The “J” Assumption

The “J” Assumption

I don’t invest a lot in entertainment. I don’t have cable. I don’t have an active Netflix account. I rarely go to movies. It’s not that I’m opposed to these things; I actually really enjoy a good movie or TV series when one happens to come along. I don’t invest in them because both money and time are limited resources. If I had regular access to these outlets, I would use them. A lot.  I wouldn’t invest that time reading and writing; things I also enjoy but from which I am too easily distracted.

The one exception that I maintain every month is my Spotify account. (This isn’t an advertisement for Spotify though if they wanted to credit me a month or two, I wouldn’t argue.) However, the access to music on demand is like a drug to me. I just finished a six-hour road trip with a custom soundtrack that ranged from Jim Croce to Joseph, John Denver to Billy Joel and Journey.

As I looked at my list of favorite artists and albums, I made a comment to myself,

“All my favs have the letter “J” in them.”

Of course, it isn’t true. Rich Mullins. Survivor. Don Mclean. Gordon Lightfoot. All of them made the playlist of the road trip without any need for a “J” to usher them in. But the “J” spot in my alphabetical list is rather long, which could lead one to believe that having a “J” somewhere in the name is a criterion for being among my favorites.

This reminded me of another recent epiphany. I had just met someone new. She had beautiful hair color, gentle, piercing eyes, and a deep kind soul. She also had a long nose, was missing front teeth where she had tried to chew through the chains that kept her locked up most of her early life, and walked around on four legs. This sweet rescue dog and I found ourselves sitting together on a couch.

She started with her back to me and as I scratched her hind quarters and connected with her, she eventually turned and lay her head in my lap, letting me rub her ears and head. She became so comfortable she was nearly asleep with her head resting heavily on my leg. I was keenly aware of the trust she was putting in me; even though we had just met and despite her long history of abuse and mistreatment at the hands of various strangers. It felt good to be trusted, even – perhaps especially – by an animal.

Suddenly, without warning, she popped up out of my lap and moved across the room to a safe spot behind her mama’s feet. Her mama (of the two legged variety) and I had been engaged in deep conversation and the move brought me out of my head and into the moment. I immediately began a narrative in my mind; trying to explain why I had suddenly been rejected by my new friend. Had I rubbed a bad nerve? Was I too focused on the conversation and not on her? Had I said something that triggered a memory that made her feel unsafe?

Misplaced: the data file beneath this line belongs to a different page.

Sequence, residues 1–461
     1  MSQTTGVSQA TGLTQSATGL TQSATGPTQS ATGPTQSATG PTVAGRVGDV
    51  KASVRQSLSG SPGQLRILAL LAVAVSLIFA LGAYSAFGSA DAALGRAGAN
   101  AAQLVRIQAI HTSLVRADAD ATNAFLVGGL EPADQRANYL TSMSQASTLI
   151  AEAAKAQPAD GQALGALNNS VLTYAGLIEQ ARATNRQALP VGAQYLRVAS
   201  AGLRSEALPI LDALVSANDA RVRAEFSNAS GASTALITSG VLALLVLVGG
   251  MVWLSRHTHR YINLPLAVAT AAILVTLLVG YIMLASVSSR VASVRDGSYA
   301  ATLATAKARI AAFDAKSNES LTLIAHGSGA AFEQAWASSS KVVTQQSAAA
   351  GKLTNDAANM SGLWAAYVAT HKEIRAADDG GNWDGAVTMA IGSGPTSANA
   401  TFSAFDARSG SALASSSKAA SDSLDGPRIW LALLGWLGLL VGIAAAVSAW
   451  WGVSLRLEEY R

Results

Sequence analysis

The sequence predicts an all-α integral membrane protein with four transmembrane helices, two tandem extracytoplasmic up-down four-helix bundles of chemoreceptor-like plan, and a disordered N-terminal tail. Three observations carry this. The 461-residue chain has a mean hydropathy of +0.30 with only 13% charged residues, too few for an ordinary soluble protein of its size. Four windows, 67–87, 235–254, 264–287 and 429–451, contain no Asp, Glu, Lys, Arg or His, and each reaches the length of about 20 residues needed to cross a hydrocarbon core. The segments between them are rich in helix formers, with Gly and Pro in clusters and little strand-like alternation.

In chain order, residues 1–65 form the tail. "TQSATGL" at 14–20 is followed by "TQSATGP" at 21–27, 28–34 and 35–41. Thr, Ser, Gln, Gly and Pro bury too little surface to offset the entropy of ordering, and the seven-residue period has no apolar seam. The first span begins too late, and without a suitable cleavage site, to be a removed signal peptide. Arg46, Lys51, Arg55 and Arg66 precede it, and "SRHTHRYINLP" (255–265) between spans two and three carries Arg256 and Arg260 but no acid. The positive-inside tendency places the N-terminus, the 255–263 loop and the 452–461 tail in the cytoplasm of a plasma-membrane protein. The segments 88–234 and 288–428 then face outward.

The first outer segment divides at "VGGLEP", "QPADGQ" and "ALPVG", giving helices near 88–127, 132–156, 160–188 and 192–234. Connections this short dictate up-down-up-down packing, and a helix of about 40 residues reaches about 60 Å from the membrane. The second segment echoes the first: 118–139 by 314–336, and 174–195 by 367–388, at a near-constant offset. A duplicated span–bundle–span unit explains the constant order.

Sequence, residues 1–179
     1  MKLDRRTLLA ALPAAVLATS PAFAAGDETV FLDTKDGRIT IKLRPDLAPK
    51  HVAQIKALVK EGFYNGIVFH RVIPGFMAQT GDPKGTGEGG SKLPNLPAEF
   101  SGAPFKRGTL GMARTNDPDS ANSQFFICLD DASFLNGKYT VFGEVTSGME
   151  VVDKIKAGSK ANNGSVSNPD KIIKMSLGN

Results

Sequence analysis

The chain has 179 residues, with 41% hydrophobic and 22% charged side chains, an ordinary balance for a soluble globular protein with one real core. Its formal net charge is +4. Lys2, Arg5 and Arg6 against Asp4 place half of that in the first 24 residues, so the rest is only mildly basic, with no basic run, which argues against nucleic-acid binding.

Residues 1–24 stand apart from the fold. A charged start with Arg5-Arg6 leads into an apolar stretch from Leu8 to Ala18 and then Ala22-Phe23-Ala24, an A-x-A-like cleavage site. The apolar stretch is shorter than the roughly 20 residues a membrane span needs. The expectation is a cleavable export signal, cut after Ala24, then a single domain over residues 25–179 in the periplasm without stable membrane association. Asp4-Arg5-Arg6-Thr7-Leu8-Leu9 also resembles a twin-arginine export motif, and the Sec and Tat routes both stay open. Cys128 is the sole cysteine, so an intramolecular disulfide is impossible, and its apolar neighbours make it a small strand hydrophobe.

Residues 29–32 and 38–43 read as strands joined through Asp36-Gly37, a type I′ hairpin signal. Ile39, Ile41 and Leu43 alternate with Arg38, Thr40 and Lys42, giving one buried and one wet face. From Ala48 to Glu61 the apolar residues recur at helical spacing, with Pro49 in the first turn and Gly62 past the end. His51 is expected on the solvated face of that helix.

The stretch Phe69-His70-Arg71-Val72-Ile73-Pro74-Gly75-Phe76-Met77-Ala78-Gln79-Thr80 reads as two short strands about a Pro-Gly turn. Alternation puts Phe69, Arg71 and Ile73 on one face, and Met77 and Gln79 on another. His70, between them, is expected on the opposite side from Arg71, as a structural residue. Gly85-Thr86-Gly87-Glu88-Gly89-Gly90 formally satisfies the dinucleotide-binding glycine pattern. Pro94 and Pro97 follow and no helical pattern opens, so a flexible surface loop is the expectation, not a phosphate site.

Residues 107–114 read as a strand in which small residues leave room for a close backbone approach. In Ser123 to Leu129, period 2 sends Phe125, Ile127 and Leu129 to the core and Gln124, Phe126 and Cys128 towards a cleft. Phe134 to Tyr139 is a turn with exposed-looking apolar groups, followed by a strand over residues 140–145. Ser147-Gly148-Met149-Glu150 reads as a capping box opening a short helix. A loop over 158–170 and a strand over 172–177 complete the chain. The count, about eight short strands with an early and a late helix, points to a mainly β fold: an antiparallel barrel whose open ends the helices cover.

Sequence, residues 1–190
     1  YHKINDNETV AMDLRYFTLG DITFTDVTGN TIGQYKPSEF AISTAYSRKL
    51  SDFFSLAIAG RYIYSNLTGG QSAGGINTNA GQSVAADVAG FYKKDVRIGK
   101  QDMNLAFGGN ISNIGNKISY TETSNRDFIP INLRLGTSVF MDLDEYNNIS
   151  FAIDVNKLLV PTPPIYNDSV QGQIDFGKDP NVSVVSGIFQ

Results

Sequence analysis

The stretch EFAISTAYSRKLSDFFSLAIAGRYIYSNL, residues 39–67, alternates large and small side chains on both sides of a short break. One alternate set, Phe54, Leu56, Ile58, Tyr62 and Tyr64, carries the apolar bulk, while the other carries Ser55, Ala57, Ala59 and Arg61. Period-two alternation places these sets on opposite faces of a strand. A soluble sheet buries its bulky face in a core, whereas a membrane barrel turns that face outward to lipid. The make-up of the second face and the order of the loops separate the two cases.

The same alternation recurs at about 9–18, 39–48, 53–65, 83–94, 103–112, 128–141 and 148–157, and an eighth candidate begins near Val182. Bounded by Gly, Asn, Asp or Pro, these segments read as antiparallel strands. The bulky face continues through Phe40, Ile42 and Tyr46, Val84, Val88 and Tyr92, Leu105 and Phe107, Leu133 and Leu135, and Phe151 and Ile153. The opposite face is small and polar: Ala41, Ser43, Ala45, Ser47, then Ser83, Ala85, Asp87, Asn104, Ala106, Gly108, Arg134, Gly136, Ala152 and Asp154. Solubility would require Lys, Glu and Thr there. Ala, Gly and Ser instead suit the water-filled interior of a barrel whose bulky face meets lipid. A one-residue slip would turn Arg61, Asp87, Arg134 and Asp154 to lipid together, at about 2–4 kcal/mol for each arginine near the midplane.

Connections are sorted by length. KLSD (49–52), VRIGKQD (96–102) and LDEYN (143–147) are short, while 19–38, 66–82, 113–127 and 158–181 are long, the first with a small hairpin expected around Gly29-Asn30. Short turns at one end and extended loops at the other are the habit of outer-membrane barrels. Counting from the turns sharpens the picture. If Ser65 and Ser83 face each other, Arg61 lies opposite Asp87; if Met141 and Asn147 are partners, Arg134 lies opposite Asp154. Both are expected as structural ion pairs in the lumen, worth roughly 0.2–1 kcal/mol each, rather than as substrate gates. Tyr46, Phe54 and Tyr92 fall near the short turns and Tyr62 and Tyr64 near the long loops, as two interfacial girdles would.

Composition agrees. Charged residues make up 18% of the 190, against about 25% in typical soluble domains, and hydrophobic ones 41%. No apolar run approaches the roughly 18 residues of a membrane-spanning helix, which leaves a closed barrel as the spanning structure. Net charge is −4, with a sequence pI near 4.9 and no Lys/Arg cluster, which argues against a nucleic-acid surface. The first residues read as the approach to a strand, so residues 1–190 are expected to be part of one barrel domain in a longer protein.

As that narrative began to take shape, I heard these words from the across the way,

“Did that garbage truck scare you?”

Now even more aware of my surrounding environment, I heard the garbage truck picking up a dumpster outside the window. Within a few moments the truck and completed its task and moved on. My furry little friend, feeling safe again, came back to her spot next to me on the couch as if nothing had happened.

In the week since then, I have become very aware of the number of times I use one single variable to create an entire narrative about my life. I had felt a deep sense of rejection when the dog walked away from me, all based on an unchecked belief that her leaving was my fault, a result of my actions, and intended to send me a message: you are no longer good enough for me. The truth, the wider reality, was only seen when I allowed more variables into the picture.

Life is too short for assumptions, specifically those that sell ourselves short of the peace and joy we desire.

I think this morning I might even listen to some music with a “K”. Kansas, perhaps?

Carry on, my wayward son. Carry on.

 

Postscript: As I wrote the initial draft of this post, I intentionally masked the actual setting where I met the dog. On rereading it, I thought there might be value in disclosing the fact that she is a therapy dog and her “mama” my therapist (see also “counselor”). In my ongoing journey to reconnect with emotions and embrace life more fully (see also the previous 200+ blog posts), the work that is done in therapy is invaluable to me.

Please don’t ever struggle alone against all that life throws at you. Our minds are complex and getting some help sorting them out is not weak, it’s wise. If you need help finding a good therapist near you, send me a message. I would be honored to walk through that search with you.

And on another note, the dog in the picture is not the dog from the story. That’s me and Chief, my parent’s dog, about a year and a half ago. 

That event was my first experience with an animal in therapy. It won’t be my last.

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